"Really bad shooting in Orlando. Police investigating possible terrorism. Many people dead and wounded."
But his second tweet, an hour and a half later, was not so measured as he returned to campaign trail politics.
Then he posted a sympathetic tweet about the Orlando tragedy, followed by one in which he took credit for "being right on radical Islamic terrorism."
And then the billionaire businessman went on the offensive, saying, "Is President Obama going to finally mention the words radical Islamic terrorism? If he doesn't he should immediately resign in disgrace!"
On the other hand, Trump's rival and presumptive Democratic nominee Hillary Clinton first tweeted a note of concern for the victims and after few hours she issued a statement trying to address the main issues which were highlighted by the attack - terrorism, gay rights and gun control.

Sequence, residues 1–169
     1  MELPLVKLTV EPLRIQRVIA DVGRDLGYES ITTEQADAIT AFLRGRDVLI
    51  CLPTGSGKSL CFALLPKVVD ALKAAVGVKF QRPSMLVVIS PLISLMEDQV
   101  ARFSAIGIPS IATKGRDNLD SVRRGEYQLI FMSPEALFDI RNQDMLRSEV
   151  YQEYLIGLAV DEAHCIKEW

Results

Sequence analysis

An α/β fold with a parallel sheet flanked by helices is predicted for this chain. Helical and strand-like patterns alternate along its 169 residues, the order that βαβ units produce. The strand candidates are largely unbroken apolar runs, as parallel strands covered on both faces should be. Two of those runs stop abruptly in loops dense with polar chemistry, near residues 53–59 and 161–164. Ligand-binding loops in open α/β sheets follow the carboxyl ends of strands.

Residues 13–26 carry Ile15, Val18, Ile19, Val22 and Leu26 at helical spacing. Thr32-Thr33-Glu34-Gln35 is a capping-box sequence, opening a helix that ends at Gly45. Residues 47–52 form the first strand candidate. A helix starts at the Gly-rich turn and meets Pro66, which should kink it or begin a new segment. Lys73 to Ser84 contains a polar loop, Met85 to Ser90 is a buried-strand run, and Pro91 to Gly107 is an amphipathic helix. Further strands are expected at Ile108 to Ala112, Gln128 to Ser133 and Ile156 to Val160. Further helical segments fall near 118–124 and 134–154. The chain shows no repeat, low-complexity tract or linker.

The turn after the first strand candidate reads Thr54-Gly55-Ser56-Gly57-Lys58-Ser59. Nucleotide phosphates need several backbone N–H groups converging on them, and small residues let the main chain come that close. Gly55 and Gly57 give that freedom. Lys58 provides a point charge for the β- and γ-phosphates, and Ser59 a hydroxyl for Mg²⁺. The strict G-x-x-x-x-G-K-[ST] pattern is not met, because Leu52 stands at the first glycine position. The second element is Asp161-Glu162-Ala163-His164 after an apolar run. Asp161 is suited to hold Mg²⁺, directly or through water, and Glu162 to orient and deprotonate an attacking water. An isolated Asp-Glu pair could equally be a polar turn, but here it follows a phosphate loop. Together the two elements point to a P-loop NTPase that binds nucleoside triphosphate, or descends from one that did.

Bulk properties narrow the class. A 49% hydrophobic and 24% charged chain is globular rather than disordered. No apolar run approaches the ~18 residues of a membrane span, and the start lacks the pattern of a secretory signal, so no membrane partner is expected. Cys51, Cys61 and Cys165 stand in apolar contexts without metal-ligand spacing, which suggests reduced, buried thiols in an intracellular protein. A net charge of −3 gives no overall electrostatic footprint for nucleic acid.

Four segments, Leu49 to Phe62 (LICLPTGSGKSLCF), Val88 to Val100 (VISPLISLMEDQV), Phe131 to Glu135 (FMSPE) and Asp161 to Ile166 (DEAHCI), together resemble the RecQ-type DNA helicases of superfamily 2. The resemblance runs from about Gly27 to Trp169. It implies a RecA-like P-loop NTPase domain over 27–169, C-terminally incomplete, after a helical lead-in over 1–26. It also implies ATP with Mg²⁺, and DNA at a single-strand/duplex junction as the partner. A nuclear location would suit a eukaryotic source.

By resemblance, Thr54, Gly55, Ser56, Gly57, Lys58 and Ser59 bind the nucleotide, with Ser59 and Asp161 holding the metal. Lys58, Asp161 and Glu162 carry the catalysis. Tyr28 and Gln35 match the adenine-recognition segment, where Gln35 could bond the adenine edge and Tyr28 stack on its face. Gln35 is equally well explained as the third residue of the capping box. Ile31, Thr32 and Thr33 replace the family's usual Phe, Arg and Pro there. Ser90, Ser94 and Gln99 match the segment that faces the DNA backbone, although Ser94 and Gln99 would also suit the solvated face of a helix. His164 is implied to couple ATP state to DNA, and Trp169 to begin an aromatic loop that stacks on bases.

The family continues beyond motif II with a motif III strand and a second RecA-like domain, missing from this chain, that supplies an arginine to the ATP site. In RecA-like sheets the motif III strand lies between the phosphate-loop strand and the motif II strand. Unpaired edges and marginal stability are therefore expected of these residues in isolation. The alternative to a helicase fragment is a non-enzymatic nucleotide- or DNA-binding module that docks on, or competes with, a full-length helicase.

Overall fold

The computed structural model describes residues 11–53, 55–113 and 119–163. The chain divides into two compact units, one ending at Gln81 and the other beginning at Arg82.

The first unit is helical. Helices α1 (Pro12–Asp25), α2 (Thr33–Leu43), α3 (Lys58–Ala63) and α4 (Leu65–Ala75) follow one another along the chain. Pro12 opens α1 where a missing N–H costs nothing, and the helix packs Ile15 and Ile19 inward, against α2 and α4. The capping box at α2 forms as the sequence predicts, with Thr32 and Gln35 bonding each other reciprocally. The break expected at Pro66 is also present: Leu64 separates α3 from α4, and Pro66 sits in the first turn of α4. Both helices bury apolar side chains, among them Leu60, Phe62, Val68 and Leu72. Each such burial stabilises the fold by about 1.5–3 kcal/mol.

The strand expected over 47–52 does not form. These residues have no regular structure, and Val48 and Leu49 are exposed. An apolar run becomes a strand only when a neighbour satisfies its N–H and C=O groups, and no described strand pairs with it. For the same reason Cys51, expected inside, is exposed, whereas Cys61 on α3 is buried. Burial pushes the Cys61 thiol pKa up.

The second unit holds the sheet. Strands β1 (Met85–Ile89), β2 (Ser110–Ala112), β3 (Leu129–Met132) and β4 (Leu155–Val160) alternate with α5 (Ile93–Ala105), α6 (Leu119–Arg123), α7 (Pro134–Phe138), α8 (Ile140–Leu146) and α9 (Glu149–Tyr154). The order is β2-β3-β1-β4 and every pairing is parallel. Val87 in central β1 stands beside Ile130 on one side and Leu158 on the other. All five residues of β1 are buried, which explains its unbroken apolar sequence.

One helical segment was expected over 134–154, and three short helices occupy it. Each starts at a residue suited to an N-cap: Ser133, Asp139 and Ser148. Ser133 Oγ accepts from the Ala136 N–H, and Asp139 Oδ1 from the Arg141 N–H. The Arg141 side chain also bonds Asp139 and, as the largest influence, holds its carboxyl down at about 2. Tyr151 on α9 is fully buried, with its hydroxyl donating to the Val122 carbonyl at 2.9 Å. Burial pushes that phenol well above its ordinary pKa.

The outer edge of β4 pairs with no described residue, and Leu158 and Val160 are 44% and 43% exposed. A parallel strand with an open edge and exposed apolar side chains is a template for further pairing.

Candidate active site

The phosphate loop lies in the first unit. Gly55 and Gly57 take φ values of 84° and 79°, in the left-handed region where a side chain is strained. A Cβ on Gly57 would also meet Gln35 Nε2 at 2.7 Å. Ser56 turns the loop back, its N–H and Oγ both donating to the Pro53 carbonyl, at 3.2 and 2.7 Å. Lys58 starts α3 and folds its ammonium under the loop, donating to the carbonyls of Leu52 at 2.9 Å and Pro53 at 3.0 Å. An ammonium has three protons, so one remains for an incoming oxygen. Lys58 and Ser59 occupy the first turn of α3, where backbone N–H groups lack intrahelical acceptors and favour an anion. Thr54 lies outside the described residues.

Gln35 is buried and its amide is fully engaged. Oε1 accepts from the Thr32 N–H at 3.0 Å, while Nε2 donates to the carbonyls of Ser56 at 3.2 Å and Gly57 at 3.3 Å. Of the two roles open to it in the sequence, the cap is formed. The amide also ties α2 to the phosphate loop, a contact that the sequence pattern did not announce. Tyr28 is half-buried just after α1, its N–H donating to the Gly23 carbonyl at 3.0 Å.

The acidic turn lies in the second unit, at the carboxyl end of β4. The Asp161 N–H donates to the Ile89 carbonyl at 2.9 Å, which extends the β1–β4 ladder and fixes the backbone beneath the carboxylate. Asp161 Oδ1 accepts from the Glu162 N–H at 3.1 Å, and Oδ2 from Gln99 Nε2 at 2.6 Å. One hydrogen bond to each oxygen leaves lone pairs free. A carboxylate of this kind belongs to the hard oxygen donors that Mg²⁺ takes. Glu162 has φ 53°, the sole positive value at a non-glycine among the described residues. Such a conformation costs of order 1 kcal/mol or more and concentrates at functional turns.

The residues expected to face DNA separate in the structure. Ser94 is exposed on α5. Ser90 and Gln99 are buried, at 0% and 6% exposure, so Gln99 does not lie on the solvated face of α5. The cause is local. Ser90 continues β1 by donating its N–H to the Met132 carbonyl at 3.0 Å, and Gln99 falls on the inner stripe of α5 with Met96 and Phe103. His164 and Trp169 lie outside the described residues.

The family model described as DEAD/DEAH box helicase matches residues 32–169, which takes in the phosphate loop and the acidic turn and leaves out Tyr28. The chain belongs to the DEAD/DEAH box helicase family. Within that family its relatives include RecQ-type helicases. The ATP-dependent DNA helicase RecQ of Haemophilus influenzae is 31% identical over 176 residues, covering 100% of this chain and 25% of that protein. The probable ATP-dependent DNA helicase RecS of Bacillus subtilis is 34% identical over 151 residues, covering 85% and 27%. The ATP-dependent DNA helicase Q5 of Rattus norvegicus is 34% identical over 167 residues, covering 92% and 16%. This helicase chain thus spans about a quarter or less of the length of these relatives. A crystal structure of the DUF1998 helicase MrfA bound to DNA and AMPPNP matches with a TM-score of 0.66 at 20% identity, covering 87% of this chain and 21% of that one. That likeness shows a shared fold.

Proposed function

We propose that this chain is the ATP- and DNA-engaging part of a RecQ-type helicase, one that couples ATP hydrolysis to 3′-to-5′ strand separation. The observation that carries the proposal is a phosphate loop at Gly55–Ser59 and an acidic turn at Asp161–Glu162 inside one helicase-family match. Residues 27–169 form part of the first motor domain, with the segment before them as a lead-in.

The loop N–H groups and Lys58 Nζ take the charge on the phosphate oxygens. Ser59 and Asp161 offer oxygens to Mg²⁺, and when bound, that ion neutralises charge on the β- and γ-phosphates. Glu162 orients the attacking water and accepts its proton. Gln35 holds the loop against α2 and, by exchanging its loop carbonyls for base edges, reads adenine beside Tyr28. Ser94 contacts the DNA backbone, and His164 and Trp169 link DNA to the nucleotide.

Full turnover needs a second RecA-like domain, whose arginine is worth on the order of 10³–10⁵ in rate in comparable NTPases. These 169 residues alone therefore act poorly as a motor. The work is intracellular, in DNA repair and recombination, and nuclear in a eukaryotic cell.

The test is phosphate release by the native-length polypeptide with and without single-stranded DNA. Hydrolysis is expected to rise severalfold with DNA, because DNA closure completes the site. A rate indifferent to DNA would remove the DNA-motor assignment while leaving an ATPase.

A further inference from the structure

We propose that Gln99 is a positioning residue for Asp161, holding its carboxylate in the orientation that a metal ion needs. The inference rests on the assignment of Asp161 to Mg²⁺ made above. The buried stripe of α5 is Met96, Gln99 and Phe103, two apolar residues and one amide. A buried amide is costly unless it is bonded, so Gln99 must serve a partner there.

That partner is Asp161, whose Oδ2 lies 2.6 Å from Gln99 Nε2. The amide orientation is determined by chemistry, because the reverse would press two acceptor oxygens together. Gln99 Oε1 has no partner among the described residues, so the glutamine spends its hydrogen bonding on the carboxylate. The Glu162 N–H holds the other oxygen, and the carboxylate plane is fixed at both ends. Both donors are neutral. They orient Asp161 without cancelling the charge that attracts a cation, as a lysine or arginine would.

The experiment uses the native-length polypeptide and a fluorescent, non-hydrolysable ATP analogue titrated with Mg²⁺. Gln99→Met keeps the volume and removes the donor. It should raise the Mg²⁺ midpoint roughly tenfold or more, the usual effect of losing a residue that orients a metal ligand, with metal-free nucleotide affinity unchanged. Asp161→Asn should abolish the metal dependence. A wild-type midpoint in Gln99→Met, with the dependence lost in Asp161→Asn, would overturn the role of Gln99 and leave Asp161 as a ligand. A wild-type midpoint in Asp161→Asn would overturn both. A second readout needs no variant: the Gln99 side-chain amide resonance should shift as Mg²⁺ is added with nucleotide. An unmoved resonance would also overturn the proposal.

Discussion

Trump's brash attitude has helped him so far in Republican primaries. His standing improved after the shootings in San Bernardino, Calif., and his call for "a total and complete ban" on all Muslims entering the United States. But it remains to be seen whether the much larger general-election audience will react as favorably to a candidate who has called for "a hell of a lot worse" than waterboarding, has said of terrorists that "you have to take out their families."
Trump issued a formal statement on Sunday afternoon but before that he had already made most of his points about the attack via Twitter. At one point on Sunday, Trump, who has nearly 9 million followers, tweeted, "Reporting that Orlando killer shouted 'Allah hu Akbar!' as he slaughtered clubgoers."